David Bernstein: Cheats, at times, prosper

Should the creatives who doctored an original ad in order to win an award be ostracised as cheats, or were they just unlucky to be caught?

Paul Belford and Nigel Roberts of Ogilvy & Mather submit an ad for COI Communications to the Campaign Press Awards. Believing that what actually appeared could be improved upon, they doctor the original and win an award. They are found out. Members of the creative ad community are enraged. John Hegarty, chairman of this year’s jury, calls for tough sanctions on cheats and seeks the support of five former presidents of British Design and Art Direction.

But what’s this? The current D&AD president – in his other job as executive creative director of Abbott Mead Vickers BBDO – has just employed the services of Belford and Roberts.

Campaign (26 April) reports on, and stirs up, the ensuing frenzy among agency bosses and creative chiefs. Of 11 interviewed, six would also hire them, three wouldn’t and two aren’t sure. Potential hirers stress the team’s talent and brilliance. One says, ‘They’re one of the best teams around and no one died.’ Some imply that the ‘crime’ is common and that the culprits are unlucky to be the first to be found out. The most significant comment? ‘I don’t know because I’ve never met them.’

Clearly then, it isn’t a matter of right and wrong. As with John Reid’s defence of the pornographer’s donation to New Labour, moral judgements don’t apply. Principle takes a back seat. Nice blokes, especially if ‘incredibly talented’ can be excused their misdemeanours. In the real world it would appear things aren’t black and white. And the creative director of Grey (sic) says ‘there are not that many good people around’. Depends what you mean by good. Virtuous, worthy, of good repute, commendable? (see Chambers).

And what is a ‘good’ ad? One that wins the plaudits of one’s peers. Good ads win awards. Careers are built on gongs. Gold brings gold. As creative director, I must have read over 2000 CVs. I doubt if 10 per cent of them referred to the commercial success of the products and brands the creative applicants worked on. Interestingly, those that did originated from creatives in smaller agencies, often regional and, unsurprisingly, those in direct marketing where priorities are different.

In 1980 advertising brought some sanity to the honours business by instituting the IPA Advertising Effectiveness Awards. By a sadly ironic coincidence, opposite Campaign’s feature on Belford and Roberts was an obituary of the awards’ creator, Simon Broadbent. It was written by his son Tim, who was convenor of the judges in 2000. Simon was a creative-friendly research man. He believed that research, by proving a link between advertising and business success, could only improve the standing of creatives. He helped to calm the adversarial nature of the interdepartmental dialogue. Research ceased to be regarded as a stick with which suits could beat creatives. Instead, it could aid understanding of the communi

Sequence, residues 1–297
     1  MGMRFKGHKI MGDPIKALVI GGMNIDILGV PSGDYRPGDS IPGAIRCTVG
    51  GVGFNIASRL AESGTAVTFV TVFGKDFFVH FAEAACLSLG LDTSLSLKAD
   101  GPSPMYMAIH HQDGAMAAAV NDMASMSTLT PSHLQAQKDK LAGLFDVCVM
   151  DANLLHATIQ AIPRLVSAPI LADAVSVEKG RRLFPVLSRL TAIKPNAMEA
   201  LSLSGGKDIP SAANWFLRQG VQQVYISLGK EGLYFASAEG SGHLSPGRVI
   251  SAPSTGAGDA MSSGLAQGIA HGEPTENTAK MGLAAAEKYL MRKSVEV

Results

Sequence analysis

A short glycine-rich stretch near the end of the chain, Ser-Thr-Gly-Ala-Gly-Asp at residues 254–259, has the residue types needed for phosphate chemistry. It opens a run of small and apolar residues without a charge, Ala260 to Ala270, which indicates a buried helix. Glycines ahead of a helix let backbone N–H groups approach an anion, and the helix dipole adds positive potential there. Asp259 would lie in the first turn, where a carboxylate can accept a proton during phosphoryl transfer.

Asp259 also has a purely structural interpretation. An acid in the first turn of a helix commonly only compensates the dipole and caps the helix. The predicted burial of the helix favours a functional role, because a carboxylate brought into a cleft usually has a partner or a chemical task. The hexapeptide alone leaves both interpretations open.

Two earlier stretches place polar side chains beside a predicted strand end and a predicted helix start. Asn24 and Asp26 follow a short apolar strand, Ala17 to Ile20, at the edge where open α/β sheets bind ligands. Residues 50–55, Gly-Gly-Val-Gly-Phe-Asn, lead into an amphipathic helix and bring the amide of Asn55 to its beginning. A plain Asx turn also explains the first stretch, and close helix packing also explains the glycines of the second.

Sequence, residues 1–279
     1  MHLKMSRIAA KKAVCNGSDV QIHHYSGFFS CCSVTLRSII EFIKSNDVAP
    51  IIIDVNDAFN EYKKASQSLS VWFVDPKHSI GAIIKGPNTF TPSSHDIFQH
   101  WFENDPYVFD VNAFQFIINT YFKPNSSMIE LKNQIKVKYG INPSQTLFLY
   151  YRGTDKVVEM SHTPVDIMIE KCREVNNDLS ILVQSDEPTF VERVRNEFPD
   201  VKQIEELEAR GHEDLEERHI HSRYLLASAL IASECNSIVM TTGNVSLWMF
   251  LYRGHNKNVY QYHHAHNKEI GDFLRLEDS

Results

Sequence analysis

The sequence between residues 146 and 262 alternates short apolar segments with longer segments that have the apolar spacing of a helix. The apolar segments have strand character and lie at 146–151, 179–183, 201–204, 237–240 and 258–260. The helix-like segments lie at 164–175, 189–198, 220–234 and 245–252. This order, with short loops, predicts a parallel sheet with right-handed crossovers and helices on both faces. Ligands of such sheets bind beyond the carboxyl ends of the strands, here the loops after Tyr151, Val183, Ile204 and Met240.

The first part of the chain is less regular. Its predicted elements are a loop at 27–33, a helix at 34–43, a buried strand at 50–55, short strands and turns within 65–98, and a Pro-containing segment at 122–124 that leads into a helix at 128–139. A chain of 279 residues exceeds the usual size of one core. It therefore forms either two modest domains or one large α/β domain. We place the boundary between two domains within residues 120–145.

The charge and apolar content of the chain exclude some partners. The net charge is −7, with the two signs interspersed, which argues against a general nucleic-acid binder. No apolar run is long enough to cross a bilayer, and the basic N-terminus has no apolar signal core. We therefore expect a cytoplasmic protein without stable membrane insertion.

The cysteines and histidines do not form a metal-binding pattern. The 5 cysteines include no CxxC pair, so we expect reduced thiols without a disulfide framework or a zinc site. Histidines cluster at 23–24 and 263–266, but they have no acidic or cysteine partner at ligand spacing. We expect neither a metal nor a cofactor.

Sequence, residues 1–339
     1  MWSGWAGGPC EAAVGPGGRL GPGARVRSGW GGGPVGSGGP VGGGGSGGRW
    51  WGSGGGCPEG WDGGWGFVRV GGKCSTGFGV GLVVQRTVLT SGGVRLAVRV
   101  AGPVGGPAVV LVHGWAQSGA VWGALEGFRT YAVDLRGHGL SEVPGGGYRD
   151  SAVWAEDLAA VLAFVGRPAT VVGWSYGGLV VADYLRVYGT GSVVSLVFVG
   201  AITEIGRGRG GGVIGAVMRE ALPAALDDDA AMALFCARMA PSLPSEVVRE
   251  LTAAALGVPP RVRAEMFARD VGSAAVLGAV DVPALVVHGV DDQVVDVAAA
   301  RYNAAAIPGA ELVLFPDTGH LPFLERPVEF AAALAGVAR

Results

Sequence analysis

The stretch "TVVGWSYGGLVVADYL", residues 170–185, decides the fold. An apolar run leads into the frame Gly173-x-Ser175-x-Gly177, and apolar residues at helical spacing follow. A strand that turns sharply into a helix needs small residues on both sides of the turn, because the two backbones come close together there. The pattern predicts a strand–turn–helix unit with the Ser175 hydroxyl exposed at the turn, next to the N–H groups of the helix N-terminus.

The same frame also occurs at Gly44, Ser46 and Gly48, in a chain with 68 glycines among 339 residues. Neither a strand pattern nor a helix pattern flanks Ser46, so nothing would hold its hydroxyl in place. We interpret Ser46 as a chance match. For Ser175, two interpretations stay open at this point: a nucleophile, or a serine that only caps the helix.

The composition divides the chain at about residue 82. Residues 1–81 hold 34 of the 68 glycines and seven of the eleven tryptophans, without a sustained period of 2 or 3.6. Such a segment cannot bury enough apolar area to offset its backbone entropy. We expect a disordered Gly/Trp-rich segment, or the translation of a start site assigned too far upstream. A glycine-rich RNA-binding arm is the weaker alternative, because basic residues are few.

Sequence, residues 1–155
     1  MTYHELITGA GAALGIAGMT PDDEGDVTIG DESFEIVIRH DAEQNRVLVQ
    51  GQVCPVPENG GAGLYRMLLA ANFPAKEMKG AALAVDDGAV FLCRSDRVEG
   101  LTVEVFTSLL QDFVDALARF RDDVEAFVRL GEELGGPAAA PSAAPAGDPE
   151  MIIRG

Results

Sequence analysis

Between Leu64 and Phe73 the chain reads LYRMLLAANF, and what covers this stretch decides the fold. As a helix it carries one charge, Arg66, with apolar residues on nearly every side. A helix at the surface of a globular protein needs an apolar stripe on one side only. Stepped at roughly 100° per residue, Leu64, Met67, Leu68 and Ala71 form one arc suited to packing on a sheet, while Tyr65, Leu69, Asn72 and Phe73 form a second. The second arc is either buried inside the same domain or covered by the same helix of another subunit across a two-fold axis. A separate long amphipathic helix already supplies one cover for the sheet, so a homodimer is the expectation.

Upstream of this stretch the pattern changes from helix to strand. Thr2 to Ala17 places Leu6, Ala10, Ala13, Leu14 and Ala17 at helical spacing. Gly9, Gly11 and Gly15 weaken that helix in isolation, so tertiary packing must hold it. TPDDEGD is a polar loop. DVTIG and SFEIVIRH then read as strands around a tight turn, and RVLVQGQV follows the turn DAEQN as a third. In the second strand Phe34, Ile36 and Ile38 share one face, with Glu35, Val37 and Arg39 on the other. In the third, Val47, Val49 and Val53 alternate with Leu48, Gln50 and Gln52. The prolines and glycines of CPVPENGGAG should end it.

cation process and improve execution. Today it is hard to believe that before 1980 ‘virtually nothing was publicly available about the economic value of advertising’.

Advertising is a bastard art in the middle of an inexact science. Unfortunately, the glamour of the media, especially television, tempted many in adbiz to believe that bastard artists were in fact legitimate and before long they too would have their own Cannes festival.

However, is artistic merit a suitable criterion in a business whose purpose is strictly commercial? How do the judges assess work – especially from foreign parts – the context of which they are unsure about and the efficacy of which they can only guess at? Would this ad, design, promotional scheme, whatever, move some imagined recipient towards identification with or even purchase of the brand?

Responsible judges make use of some such mental grid, however, in my experience, jury discussions revolve exclusively around innovation, difference and technique.

What improvements, I wonder, would the average creative team make to an entry were they given the chance to perform Belford and Roberts’ trick? Would they increase the size of the illustration, change the typeface, add a smart sign-off? Or would they incorporate a coupon, website address or other direct response mechanism to make the ad more effective?

Your guess is as good as mine. But then, what do we mean by good?

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